In hindsight, we probably could have been arrested for trespassing. But it wouldn’t have been an adventure without a little risk.
I was bummed when I saw this week that the Mets were asking $869 for a pair of Shea Stadium seats once the season ends. That close to double what other teams have been asking, and light years beyond what I’d be willing to pay.
That means there won’t be an adventure to pick up the chairs like Will and I had in 2000 in Milwaukee.
Stadium seats were a very reasonable $100 if you were able to swing by County Stadium to pick them up. Milwaukee’s only about five hours from Grand Rapids, so Will made a baseball weekend of it and we planned a one-day roadtrip.
The letter from the Brewers said to pick up the chairs at Miller Park, which I thought was odd because the stadium was still under construction. Seemed odd that the team would remove the seats from County Stadium and haul them into the new building just to have fans take them back out.
But I follow instructions, so we pulled up to the team offices at Miller Park, kind of surprised to see only a couple cars in the parking lot.
The door opened, and it was apparent that the offices were not yet fully in use. There was cardboard on the floor to protect the carpets, and only a couple items scattered on desks.
So we started walking around, looking for some kind of sign to point us to the chair distribution point.
“Hello? Hello?” No one responded, so we kept walking and opening doors.
We pulled open on heavy door and discovered we were standing on the concourse of the new stadium, at that point still heavily under construction. Will quickly and smartly grabbed the door before it closed behind us — it would have locked us out.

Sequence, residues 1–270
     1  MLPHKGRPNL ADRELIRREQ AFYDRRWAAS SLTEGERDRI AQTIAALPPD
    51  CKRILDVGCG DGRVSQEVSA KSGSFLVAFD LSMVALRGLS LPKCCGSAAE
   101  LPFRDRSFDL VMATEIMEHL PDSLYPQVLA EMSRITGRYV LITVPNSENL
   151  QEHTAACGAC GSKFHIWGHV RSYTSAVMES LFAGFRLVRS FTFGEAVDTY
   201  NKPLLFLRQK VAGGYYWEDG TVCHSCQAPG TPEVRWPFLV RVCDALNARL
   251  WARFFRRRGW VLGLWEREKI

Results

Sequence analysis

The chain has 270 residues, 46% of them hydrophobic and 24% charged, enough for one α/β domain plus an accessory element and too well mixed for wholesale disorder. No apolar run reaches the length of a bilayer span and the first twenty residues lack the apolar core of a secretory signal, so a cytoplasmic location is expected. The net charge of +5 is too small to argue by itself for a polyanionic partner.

There were no chairs to be seen, so clearly this was not where we were supposed to be. But after taking our time to get a closer look — and snapping off some photos — we went back inside.
Finally we encountered an employee, who was not happy that we were where we were, but not openly hostile, either. I showed him my letter, and he said the seats were available in the parking lot — way on the other side of the stadium.
And sure enough, there were all the chairs in neat rows and a drive-though lane where if you rolled down your window and showed the letter, an employee would run up and drop the chair in your trunk.
Miller Park rises above County Stadium.
There also were large tents off to the side with items that were both for sale and available through an auction. The Brewers did a nice job of making something available at every price point, so any fan could walk away from something. Far as I know, they’re still selling bricks in the Miller Park gift shop for $10 as they were when I was back two years ago.
After picking up a vial of infield dirt, we headed over to the auction section. Most of the items here were way out of our price range, especially since we’re not Brewers fans.
But the team was allowing everybody to have a good look — and touch — of everything there. We had great fun climbing into Bernie Brewer’s chalet, his outfield perch from which he’d slide into a giant beer stein after a Brewer hit a homer.
And, of course, no visit to Milwaukee is complete without some brats. The Brewers have an elaborate concession stand in the parking lot to cater to all the tail-gaters, and it was open during the seat dispersal. The brats are great, and the Secret Stadium Sauce is essential.
After that, we walked around both stadiums. Miller Park towered over County Stadium, which almost seemed to blend into its neighborhood, at least as much a stadium surrounded by parking lots could. Miller, however, could be seen from the interstate heading into the city, miles away.
I had seen one game at County, back in 1988 on our ballpark tour, and liked the friendly atmosphere and all the tailgating — best-smelling parking lot ever!
And we’ve been to Miller twice since then, including one trip that featured an audience with Bud Selig himself. Of course, it’s not quite as fun without the risk of being branded a trespasser.
The Milwaukee County Stadium chair in its new home, the baseball room.